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kindleaholic

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Jack of Kinrowan: Jack the Giant-Killer and Drink Down the Moon
Charles de Lint
Death by Black Hole: And Other Cosmic Quandaries
Neil deGrasse Tyson
The Wonderful Wizard of Oz
L. Frank Baum
The Name of the Wind (Kingkiller Chronicle, #1)
Patrick Rothfuss
The Sweet Scent of Blood
Suzanne McLeod
Shadow's Edge
Brent Weeks
Darkwood
M.E. Breen, Molly Breen
The Poison Eaters and Other Stories
Holly Black
This Side of the Grave
Jeaniene Frost
Zoo City
Lauren Beukes

Dreadnought (Clockwork Century Series #3)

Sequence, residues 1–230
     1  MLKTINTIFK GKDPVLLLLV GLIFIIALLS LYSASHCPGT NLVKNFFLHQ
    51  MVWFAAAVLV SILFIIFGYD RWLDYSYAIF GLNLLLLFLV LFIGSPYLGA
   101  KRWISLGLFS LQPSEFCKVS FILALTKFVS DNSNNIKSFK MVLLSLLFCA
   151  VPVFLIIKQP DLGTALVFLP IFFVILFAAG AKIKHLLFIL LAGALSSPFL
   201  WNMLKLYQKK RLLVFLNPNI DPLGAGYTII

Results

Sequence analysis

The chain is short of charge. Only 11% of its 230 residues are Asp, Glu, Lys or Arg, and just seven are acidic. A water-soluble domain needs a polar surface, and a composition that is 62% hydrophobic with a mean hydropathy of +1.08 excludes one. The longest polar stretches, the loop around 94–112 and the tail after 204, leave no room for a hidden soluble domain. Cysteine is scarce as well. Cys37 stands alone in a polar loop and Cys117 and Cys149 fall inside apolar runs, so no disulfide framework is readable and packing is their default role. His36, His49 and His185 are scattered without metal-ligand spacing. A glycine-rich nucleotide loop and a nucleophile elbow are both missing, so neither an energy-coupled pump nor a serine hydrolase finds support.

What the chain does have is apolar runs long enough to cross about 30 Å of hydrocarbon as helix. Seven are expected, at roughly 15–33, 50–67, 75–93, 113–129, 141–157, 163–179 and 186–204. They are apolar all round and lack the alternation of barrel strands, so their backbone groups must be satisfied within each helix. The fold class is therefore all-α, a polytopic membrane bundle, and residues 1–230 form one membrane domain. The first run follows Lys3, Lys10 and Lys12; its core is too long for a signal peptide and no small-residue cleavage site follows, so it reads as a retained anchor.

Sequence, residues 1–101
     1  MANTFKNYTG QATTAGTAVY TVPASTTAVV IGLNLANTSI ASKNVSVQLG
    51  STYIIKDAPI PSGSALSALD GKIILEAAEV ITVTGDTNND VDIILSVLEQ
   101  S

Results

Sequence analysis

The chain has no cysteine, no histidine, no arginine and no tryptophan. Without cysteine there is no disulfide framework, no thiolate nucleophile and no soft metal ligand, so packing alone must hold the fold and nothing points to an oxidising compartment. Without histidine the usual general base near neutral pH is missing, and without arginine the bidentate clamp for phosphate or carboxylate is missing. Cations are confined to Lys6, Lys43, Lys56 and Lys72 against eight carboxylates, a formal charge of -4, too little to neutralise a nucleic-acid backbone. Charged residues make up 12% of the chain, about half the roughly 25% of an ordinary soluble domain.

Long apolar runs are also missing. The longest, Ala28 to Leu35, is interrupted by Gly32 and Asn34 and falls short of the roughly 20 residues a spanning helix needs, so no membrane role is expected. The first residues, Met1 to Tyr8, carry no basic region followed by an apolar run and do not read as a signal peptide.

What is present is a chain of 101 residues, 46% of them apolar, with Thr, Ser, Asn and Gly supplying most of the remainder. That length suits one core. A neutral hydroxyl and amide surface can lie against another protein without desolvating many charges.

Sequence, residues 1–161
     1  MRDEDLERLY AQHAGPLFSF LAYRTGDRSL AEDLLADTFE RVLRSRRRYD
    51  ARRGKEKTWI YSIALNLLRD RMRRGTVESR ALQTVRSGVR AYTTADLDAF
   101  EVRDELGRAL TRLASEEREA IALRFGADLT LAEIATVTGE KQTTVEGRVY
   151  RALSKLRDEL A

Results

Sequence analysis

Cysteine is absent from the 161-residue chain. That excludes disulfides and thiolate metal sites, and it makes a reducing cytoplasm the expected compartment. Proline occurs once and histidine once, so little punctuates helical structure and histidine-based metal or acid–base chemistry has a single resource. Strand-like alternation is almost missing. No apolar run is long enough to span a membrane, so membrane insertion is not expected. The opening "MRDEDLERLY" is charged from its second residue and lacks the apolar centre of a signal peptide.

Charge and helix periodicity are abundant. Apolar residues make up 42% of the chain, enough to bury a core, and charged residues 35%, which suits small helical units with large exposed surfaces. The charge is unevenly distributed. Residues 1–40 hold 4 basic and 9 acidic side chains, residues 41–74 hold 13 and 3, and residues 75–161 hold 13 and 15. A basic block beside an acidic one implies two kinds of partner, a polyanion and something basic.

Dreadnought - Cherie Priest This one was a change of pace from the other books I've read in the Clockwork Century series. First, it follows just one character (versus 2). Second, it moves at a slower pace and is less non-stop action than the first books in the series. Third, the steampunk gadgetry seemed more on the periphery this go-round, perhaps because Mercy is mostly an observer through a lot of the book (an active observer, yes, but she really doesn't have any hands-on experience with the war machines). None of these is a deal-breaker; I still got hooked by the story and liked the characters. It was just different from what I expected.This book picks up on the east coast in a Confederate Hospital. The war has been going on for 20 years. Vinita, "Mercy", Lynch, an experienced nurse, has just learned that her Yankee husband has died, and then hears that her estranged father has been gravely hurt in Washington state. Feeling adrift and also perhaps hoping to get a break from the constant fighting, she starts the long journey west. Of course, this means that her trip will be anything but boring.We have travel by airship, boat and train, and sporadic fighting as the Union or Rebel forces advance/retreat as the case may be. You get a glimpse at the steam and diesel-powered war machines (walkers, massive train engines, etc), but since Mercy is a passenger there isn't a lot of up-close steampunk gadgetry. There is zombie action, too, of course, and the final third of the book is action-packed.There is a lot more history in this one, and since you follow just one character (versus bouncing back and forth between 2 POVs), you get a lot more time to linger over events and people. Priest does tough-as-nails characters really well, and there is no shortage of them here. I expect to see some of these characters in later books. A few characters from previous books make an appearance here as well. It can be a risk, changing the main characters in each book, but I feel Priest does an excellent job of keeping the spirit of the series intact. I will be eagerly awaiting book 4.